Four years ago, in 2014 when the first MERS-CoV case surfaced in Dubai, RITM Surveillance and Response Unit (SRU) Head Rowena Capistrano found herself being questioned by then-President Benigno “Noynoy” Aquino III in front of secretaries from different departments of the Department of Health (DOH). The case was admitted in a hospital in Bicol and had to be sent to RITM for confirmation, which prompted the president’s questioning.
“How did the samples get to RITM? Who travelled with the samples?” Pres. Aquino inquired. The samples had travelled roughly 400km through courier, in a bus, unsupervised. “What would have happened if the bus ran into an accident and the sample spilled? What will happen to those that were exposed?” Pres. Aquino followed up.
Though the RESUs are trained on how to pack and transport samples through a triple packaging system that ensures their safety even in rough conditions, Capistrano says that the interrogation was her wake-up call in realizing that knowledge on the proper handling and packaging of samples shouldn’t be limited to health workers alone.
“It should especially be known by those immersed in the communities where the samples are sourced. How they handle the samples will have an impact from the barangay level up to the laboratories,” Capistrano ponders, “When a sample leaves the outbreak field, it is left to the mercy of people who are put at a risk of exposure.”
Hence, the RITM Manual on Specimen Collection, Storage, Handling and Transport during Infectious Disease Outbreak was made.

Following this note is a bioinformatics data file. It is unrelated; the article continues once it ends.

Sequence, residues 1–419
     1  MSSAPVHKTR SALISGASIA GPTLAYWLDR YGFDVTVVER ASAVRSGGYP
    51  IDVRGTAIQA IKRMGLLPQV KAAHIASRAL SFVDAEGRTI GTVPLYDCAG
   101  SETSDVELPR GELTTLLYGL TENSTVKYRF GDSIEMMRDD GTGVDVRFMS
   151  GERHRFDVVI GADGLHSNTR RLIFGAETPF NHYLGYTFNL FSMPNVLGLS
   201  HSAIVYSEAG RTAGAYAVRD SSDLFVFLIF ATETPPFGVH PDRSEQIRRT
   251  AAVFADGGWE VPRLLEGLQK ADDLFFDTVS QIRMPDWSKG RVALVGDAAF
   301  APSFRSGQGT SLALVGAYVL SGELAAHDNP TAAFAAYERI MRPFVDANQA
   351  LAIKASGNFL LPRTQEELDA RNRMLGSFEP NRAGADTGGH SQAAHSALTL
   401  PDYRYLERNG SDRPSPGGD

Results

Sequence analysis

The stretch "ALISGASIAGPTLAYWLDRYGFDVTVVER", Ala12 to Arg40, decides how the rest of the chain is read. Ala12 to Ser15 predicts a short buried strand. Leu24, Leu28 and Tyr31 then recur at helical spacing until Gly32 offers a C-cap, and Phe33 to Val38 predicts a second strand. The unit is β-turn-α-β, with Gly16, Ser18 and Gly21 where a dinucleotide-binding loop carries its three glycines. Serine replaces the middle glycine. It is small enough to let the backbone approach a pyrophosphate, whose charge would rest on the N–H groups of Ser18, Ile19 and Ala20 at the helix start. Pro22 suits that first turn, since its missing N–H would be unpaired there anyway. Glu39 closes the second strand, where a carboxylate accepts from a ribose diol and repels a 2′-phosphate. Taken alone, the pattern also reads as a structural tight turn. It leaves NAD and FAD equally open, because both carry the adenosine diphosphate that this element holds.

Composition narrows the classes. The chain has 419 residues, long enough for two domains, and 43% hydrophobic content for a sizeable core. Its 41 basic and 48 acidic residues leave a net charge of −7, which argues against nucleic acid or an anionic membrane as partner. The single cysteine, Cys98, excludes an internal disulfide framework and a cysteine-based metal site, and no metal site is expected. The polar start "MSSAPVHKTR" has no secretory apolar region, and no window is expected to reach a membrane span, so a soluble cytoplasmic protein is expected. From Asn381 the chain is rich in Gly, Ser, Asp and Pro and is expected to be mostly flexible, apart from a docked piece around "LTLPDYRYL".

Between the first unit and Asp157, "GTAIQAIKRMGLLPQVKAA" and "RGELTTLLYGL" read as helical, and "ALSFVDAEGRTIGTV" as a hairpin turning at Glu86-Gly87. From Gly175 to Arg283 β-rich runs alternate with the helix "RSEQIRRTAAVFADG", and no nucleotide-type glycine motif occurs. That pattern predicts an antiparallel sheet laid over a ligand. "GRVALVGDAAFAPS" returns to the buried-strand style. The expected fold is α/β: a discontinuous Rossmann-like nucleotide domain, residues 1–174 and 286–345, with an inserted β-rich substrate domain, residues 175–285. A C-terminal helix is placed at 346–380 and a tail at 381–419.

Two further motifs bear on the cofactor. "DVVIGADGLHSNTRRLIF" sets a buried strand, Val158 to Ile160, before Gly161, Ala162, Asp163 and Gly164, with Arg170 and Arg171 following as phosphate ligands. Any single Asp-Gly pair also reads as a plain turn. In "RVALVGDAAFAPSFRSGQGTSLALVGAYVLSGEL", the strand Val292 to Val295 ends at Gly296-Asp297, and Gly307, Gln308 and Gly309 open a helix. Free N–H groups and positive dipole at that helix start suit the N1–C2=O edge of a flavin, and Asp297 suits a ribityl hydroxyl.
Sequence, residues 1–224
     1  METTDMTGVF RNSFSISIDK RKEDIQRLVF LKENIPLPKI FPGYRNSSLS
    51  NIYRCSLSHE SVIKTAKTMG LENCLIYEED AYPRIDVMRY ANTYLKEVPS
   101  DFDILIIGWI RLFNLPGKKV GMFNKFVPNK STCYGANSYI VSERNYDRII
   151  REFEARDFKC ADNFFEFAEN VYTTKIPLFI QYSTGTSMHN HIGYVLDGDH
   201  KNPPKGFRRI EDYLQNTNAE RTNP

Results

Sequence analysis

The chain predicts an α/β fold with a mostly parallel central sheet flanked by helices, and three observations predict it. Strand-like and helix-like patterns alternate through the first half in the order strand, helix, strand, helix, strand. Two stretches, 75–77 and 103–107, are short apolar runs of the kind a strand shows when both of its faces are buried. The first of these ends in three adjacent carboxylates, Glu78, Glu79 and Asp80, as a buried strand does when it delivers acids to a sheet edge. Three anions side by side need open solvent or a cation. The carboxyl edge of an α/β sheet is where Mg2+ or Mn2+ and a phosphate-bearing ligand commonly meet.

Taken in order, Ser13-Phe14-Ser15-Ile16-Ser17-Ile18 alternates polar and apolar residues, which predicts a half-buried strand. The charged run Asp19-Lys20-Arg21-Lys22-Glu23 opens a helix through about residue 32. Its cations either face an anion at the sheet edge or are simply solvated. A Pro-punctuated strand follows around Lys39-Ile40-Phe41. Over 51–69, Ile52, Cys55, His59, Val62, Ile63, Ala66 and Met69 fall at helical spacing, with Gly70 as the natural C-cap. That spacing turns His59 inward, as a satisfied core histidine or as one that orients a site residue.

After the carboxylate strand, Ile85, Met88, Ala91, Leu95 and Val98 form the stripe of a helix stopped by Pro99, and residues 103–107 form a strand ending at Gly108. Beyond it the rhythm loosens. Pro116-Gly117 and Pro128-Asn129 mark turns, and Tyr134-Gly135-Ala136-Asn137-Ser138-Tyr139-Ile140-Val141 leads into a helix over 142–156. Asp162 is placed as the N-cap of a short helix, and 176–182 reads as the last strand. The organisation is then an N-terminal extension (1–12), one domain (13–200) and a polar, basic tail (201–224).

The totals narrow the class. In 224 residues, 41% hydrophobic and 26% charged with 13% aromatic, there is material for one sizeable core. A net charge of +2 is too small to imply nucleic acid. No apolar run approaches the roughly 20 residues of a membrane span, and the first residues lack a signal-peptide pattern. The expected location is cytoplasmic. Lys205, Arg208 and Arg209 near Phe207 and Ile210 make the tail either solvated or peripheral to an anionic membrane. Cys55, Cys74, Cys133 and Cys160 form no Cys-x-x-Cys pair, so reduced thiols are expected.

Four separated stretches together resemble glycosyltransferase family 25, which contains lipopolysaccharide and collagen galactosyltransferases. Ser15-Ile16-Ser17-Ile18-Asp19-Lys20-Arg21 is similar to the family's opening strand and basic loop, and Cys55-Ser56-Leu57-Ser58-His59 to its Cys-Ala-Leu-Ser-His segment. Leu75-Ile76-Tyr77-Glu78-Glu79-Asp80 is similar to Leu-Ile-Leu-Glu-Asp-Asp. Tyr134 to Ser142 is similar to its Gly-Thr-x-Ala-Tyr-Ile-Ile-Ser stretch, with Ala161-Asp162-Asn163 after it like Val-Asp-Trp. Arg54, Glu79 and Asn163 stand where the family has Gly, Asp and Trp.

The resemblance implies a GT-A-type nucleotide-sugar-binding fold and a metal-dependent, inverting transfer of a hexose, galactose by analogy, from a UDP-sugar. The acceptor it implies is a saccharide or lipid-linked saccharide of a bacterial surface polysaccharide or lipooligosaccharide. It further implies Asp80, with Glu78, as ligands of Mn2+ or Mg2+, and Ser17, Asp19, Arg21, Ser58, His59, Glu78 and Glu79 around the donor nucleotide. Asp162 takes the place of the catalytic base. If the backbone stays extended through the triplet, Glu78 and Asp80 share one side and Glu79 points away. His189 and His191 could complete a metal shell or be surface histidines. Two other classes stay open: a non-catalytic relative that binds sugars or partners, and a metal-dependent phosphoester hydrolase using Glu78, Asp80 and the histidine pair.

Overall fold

Keeping up with the changing health system
The RITM Manual on Specimen Collection, Storage, Handling and Transport during Infectious Disease Outbreak produced by the SRU was first launched in 2013. However, certain changes in the health system necessitated its revision.
For one, the World Health Organization (WHO) critiqued that the first manual was very disease-specific, listing down the signs and symptoms of particular diseases. They suggested a more syndromic approach, where investigations are based on clinical signs and symptoms from which suggestions of possible diseases are drawn. For instance, a more syndromic approach would exhibit a case of diarrhea as not only a symptom of cholera, but also possibly rotavirus, norovirus, or a parasitic disease, among others. This way, no diseases are missed out on.
Assisted by the RITM Biorisk Management Office (BRMO), the revised version of the six-module Outbreak Manual also includes one whole module dedicated solely to the topic of biosafety and biosecurity.
“We want our partners in the LGU to properly and safely ensure that samples collected will not be part of a bigger problem. We do not want healthy people in the community to be victimized by improper transport and packaging of samples,” says Capistrano on the importance of knowledge in biosafety. “There is also a possibility that these samples will be used by bad people; we’re collecting bad bugs, we don’t want those bad bugs to be in the hands of bad people,” Capistrano adds, hinting on bioterrorism.
With the strengthening of the Public Health Laboratory Network (PHLN), the revised manual also addressed organizational changes and established the flow of information and transport of samples among the institutions involved. This clarifies the mandate of RITM as National Reference Laboratory (NRL) for infectious and tropical diseases and its partnership with other NRLs. This means that if, for instance, the manifesting signs and symptoms indicate a possible involvement of toxins, samples should be collected both for RITM and its partner NRL for toxicology East Avenue Medical Center (EAMC).
Capistrano also highlighted the addition of the One Health approach to the manual, which considers animal and environmental factors that come into play during an outbreak. The One Health approach consequently calls for a “One Health response” where there should be a joint outbreak investigation involving the interagency network on zoonosis, such as the Department of Agriculture (DA) and the Department of Environment and Natural Resources (DENR).
Food-and-water-borne diseases have also been included in the manual, highly recommending to collect not only human samples but also food samples that are possible vehicles of outbreak, which are then investigated by the Food and Drug Administration (FDA).